The Impact of the Global Financial Crisis on Firms' Capital Structure

A.Demirguc-Kunt, M. Soledad Martinez-Peria, T. Tressel | The World Bank

Using a data set covering about 277,000 firms across 79 countries over the period 2004–11, this paper examines the evolution of firms’ capital structure during the global finan cial crisis and its aftermath in 2010–11. The study finds that firm leverage and debt maturity declined in advanced economies and developing countries, even in countries that did not experience a crisis. The deleveraging and maturity reduction were particularly significant for privately held firms, including small and medium enterprises. For small and medium-size enterprises, these effects were larger in countries with less efficient legal systems, weaker information-sharing mechanisms, shallower banking systems, and more restrictions on bank entry. In contrast, there is weaker evidence of a significant decline of leverage and debt maturity among firms listed on a stock exchange, which are typically much larger than other firms and likely benefit from the “spare tire” of easier access to capital market financing.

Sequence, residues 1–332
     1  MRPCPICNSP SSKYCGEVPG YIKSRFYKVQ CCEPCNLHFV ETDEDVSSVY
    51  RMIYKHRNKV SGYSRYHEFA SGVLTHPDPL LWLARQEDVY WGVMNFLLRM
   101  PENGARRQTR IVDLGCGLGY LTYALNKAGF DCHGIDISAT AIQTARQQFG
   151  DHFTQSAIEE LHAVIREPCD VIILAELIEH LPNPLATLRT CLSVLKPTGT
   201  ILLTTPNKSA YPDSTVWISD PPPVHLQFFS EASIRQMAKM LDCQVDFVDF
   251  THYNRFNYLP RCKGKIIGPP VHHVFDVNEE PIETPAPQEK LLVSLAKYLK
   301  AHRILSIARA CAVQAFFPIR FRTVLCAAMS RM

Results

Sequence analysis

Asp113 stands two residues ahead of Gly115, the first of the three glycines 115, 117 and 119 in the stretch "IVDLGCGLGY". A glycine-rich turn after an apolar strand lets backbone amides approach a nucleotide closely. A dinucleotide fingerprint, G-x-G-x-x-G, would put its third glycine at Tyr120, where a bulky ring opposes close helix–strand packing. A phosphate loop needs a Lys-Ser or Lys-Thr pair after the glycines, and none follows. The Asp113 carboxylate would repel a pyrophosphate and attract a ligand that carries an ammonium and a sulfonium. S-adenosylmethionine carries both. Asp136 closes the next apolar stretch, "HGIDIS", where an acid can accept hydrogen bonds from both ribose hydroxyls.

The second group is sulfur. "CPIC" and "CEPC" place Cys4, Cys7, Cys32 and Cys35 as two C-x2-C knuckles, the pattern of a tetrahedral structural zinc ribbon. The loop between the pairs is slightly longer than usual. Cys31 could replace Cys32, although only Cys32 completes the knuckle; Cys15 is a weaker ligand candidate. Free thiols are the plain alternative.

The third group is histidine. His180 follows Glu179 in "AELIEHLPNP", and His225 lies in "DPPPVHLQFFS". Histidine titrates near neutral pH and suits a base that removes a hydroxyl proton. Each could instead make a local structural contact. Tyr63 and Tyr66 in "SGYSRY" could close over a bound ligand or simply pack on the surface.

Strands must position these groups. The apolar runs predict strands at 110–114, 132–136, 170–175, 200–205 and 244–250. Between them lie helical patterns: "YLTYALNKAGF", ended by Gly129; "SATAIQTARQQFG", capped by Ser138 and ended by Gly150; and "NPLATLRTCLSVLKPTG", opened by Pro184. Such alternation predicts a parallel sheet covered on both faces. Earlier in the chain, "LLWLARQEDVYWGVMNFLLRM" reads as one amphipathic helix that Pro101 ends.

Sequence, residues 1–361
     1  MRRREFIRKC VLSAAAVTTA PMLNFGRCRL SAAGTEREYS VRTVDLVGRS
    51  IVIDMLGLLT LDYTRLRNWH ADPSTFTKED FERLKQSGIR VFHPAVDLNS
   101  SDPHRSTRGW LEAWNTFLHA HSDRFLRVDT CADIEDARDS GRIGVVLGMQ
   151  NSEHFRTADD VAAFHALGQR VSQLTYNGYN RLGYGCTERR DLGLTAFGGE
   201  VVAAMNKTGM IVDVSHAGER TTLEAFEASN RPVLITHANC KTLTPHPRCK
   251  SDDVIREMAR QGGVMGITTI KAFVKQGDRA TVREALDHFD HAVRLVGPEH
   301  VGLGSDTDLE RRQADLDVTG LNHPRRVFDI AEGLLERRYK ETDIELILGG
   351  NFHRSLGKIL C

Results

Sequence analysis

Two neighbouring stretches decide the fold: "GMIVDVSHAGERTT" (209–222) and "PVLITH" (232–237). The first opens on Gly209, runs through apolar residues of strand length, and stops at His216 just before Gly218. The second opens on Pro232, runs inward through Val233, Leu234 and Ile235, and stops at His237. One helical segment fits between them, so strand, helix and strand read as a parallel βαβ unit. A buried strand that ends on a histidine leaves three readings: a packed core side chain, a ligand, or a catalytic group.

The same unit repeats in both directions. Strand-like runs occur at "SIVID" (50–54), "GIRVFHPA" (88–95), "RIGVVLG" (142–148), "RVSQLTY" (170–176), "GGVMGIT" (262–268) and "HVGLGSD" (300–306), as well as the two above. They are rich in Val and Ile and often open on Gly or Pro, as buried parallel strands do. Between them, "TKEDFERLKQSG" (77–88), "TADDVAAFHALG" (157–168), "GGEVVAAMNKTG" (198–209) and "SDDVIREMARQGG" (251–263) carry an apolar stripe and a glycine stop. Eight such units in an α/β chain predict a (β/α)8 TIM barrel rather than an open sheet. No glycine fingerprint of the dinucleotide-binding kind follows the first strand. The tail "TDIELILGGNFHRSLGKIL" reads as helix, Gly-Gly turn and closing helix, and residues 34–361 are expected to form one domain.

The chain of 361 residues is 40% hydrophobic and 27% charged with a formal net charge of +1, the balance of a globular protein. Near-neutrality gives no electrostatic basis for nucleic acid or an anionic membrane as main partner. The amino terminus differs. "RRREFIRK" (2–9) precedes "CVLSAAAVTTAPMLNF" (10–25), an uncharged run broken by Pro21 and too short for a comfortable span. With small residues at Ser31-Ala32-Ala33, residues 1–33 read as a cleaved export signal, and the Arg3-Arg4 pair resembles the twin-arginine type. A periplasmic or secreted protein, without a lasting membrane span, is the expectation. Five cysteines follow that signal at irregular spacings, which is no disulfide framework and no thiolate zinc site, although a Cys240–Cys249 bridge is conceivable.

Financial Crisis, Banking
Year of publication:
File size:
1061114 bytes